Ochlodes sylvanoides

Common Name:  Woodland Skipper

Ochlodes sylvanoides

Recorded from all sites; very common except at Castle Peak, where it may be only a stray. This skipper is only slightly less intolerant of civilization than O. agricola, but it occurs in a vast array of habitats, including chaparral, riparian woodland, montane coniferous forest and shrub-steppe. It flies in the second half of the season, beginning just when O. agricola ends. At low elevation it appears to have two back-to-back broods, flying from late June or early July through October. At washington and above it has only one. There is substantial individual variation, especially in females. The Donner and Sierra Valley populations average slightly larger and are subtly different in phenotype from those to the west. At Donner this is one of the last species to emerge - often not until September.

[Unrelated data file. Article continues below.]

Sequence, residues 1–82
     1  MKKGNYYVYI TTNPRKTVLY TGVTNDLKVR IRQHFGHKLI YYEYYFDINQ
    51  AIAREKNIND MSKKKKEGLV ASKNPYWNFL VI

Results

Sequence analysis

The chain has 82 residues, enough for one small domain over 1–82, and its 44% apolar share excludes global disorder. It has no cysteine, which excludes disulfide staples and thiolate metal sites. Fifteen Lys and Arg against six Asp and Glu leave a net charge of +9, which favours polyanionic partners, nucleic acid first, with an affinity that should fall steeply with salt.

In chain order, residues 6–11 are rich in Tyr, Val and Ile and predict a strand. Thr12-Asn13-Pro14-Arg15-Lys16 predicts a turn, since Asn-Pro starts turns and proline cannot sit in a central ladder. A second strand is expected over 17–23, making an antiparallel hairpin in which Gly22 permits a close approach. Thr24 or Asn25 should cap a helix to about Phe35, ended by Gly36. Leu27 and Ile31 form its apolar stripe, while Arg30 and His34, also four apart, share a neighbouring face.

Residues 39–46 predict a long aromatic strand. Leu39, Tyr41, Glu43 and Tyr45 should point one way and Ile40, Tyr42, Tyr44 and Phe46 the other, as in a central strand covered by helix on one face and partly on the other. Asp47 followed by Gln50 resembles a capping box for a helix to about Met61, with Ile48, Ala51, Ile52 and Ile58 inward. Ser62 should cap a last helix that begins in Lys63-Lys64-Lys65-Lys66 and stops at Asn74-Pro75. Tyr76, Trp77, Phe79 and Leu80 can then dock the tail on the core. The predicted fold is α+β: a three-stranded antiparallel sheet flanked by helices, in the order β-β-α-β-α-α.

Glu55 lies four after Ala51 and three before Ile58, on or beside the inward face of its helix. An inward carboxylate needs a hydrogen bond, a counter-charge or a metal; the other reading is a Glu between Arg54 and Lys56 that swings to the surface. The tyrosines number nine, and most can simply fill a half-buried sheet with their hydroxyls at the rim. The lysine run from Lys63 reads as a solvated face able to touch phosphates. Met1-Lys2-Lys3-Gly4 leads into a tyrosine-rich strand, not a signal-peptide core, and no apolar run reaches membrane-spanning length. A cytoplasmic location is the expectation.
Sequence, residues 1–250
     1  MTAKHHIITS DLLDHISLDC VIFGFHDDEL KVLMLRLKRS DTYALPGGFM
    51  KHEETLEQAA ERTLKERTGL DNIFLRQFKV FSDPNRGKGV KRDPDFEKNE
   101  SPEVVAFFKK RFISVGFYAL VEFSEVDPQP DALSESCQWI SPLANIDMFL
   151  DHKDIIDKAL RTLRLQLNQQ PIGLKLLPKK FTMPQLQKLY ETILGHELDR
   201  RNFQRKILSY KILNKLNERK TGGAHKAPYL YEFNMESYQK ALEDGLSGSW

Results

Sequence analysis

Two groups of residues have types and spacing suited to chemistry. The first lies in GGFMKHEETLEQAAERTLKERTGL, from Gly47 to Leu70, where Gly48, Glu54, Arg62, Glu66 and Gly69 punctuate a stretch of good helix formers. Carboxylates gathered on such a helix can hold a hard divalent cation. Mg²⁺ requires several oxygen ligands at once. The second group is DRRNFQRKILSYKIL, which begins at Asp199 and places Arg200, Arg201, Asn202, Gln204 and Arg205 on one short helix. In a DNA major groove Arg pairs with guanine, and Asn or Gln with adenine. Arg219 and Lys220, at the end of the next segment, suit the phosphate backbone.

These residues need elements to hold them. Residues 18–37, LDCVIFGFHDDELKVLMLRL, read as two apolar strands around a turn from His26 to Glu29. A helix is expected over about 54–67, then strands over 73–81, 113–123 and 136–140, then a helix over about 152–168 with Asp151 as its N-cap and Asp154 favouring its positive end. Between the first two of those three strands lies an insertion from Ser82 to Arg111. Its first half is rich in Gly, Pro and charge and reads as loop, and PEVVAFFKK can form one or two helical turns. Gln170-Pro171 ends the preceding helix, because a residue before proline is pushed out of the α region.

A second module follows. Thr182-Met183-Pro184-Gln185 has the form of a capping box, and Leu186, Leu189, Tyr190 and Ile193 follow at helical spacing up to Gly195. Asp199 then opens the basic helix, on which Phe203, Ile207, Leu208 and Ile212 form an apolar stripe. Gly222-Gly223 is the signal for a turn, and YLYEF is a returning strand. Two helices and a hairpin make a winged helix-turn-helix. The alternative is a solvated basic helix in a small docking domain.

An avid flower visitor, often seen at Yellow star Thistle, Aster, Dogbane, Rabbitbrush, Goldenrod,and Coyotebrush. Males puddle. In late afternoon males perch territorially in sunflecks, and may remain "on duty" until twilight. The host plants are (largely undetermined) perennial grasses.



Sites Present